With all the discussion of the crash of April 12-15, I thought it would be interesting to do a little forensic analysis. Instead of looking at price graphs, let’s look at a graph of the gold basis. Contrary to the currently popular assertion that the gold price crashed due to manipulation, the evidence points to something else. The question of whether gold is manipulated by the “naked” selling of futures, or whether other forces are responsible for gross price movements, is important to anyone who wants to trade the metal.
For a quick tutorial, the basis and cobasis are spreads between the spot price of the metal and the price of a futures contract. Basis is the profit one could make to carry the metal, which is to simultaneously buy the physical metal (at the ask) and sell a future (on the bid). Basis = Future(bid) – Spot(ask). Cobasis is the profit one could make to decarry, which is to sell physical and buy the future. Cobasis = Spot(bid) – Future(ask). Basis and cobasis are quoted as annualized percentages, so they can be compared to other yield opportunities in the market.
Carrying and decarrying are arbitrages. The arbitrager cares about spread and changes in spread, not about price or changes in price.
Here is a graph showing the long term basis and cobasis curves for Apr 11 before the crash, the 12th the first day of the crash, the 15th the second day, and the 16th the day after. Each line represents one full basis curve from present through the end of 2016. What we’re interested in, on this graph, is the change from one line to the next, which represents one day to the next.
First, let’s look at the cobasis because it is simpler here. We see volatility only for the June contract. From April 11 to 12, it rose a small amount, then for the remaining days it fell fairly sharply and was no longer in backwardation (backwardation is when the cobasis is positive, i.e. decarrying is profitable, i.e. the physical commodity is scarce). All farther months remained stable. There is no evidence here of massive dumping of futures or of anything else. The fact that the cobasis fell means that the offer on the future rose relative to the bid on spot. The offer on the future was robust during the crash. Make of that what you will.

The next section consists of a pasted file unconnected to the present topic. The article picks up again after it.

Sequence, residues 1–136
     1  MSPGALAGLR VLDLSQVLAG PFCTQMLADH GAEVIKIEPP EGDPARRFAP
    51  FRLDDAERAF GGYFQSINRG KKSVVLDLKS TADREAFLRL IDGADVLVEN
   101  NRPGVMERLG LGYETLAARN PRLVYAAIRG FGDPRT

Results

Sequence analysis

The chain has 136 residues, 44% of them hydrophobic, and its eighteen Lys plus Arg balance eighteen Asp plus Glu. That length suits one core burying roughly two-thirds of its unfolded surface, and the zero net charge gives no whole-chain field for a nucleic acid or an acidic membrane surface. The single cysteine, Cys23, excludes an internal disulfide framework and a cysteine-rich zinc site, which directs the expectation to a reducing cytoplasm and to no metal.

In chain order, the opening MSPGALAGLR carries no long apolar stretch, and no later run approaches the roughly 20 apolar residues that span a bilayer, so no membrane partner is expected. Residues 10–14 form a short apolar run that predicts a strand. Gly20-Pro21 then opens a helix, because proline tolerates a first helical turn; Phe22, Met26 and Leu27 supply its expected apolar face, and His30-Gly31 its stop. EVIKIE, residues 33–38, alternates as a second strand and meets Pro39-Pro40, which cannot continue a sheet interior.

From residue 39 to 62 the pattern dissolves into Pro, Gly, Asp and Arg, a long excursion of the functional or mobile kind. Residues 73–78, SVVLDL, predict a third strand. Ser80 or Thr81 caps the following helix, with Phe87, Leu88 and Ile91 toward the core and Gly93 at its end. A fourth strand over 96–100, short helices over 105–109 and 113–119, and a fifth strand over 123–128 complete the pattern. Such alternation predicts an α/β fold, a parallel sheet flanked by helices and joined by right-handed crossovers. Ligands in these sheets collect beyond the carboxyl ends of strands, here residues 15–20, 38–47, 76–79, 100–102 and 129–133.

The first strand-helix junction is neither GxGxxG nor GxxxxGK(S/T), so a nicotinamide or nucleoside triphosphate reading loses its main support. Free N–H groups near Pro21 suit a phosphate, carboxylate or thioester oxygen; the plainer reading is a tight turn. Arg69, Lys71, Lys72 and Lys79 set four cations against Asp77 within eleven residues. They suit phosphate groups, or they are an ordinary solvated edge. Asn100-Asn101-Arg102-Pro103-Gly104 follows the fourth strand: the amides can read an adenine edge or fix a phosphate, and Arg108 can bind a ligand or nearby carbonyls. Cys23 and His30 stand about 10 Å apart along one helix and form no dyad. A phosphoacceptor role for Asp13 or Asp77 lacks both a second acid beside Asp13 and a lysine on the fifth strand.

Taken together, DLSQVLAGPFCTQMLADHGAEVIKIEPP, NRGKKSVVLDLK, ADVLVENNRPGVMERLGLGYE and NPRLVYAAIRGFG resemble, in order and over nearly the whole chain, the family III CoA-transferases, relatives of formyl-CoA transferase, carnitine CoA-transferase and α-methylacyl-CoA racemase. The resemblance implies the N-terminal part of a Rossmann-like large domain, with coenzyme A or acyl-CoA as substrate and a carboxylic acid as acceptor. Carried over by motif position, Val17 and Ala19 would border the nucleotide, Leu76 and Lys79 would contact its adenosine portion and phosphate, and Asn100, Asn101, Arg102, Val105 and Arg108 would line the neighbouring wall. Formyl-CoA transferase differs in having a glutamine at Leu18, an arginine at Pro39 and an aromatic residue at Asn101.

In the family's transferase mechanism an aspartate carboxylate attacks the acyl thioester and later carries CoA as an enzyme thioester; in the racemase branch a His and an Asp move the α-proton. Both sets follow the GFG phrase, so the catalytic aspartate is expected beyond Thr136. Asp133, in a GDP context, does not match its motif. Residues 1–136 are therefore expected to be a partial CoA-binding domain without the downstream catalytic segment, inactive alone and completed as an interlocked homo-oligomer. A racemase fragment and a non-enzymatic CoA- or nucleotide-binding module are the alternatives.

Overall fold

The more interesting thing to look at on this graph is the basis, and the interesting part is mostly in what changed on April 15. We can hardly see the dark blue line for the 11th because the green line of the 12th is on top of it. This is normal and shows nothing untoward happened on the 12th.
But on the 15th, All Hell Broke Loose.
On the 15th, the basis was collapsing especially for contracts in 2014. Contracts in 2013 and 2015-2016 we affected but not anywhere near to the same degree. The falling basis means the bid on the futures contract dropped.
Whoever normally makes the bid on these distant contracts did not show up to the market that day. One might argue (indeed many gold commentators do argue) that there was massive naked selling of futures contracts. There are four reasons why I do not believe this allegation fits the evidence.
First, the basis is a very small number and a very sensitive indicator. Aside from Apr 15, it is in the vicinity of 0.4% annualized. That is roughly $6 per year (assuming a $1500 per ounce gold price). If the price of gold was smashed down by more than $200 via selling of futures, then the change in the basis would be much, much larger.
Second, as I wrote previously, the open interest did not change much during the time frame, and actually fell from the 12th to the 15th.
Third, by far the largest change in the basis was for the August 2014 contract. For the days in question, there were less than 1000 contracts open and there was minimal trading volume. This is not the contract that would offer leverage to change the gold price.
Finally, the cobasis did play along as it would have in case of futures dumping.
Now that we have discussed what the basis data does not show, let’s look at what it does. First, the cobasis falls on April 15 and the next day as well. It had been above zero—in backwardation—but it fell below zero. This indicates that physical metal came into the market. This pushed down the bid in the spot market. Since cobasis is Spot(bid) – Future(ask), the cobasis fell.
Second, the basis for futures contracts in 2014 (centered around August) dropped precipitously. Since basis is Future(bid) – Spot(ask), we know that the bid on the contracts in 2014 fell. While this could mean that there was concentrated selling, it does not make sense why it would be in such a distant contract with low open interest (and the low volume does not support this theory).
My conclusion is that on April 15, liquidity dried up. Whoever normally makes the bid on these distant contracts did not show up to the market that day. This would fit with a general picture of balance sheet stress and credit contraction (especially in Europe).